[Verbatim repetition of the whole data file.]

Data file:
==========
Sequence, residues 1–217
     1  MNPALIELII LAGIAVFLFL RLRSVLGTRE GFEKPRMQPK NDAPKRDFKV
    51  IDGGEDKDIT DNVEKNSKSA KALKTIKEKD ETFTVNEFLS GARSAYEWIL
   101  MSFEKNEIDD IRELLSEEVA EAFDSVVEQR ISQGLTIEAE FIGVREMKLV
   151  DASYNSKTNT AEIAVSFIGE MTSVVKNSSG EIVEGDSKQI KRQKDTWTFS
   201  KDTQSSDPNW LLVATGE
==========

Sequence, residues 1–217
     1  MNPALIELII LAGIAVFLFL RLRSVLGTRE GFEKPRMQPK NDAPKRDFKV
    51  IDGGEDKDIT DNVEKNSKSA KALKTIKEKD ETFTVNEFLS GARSAYEWIL
   101  MSFEKNEIDD IRELLSEEVA EAFDSVVEQR ISQGLTIEAE FIGVREMKLV
   151  DASYNSKTNT AEIAVSFIGE MTSVVKNSSG EIVEGDSKQI KRQKDTWTFS
   201  KDTQSSDPNW LLVATGE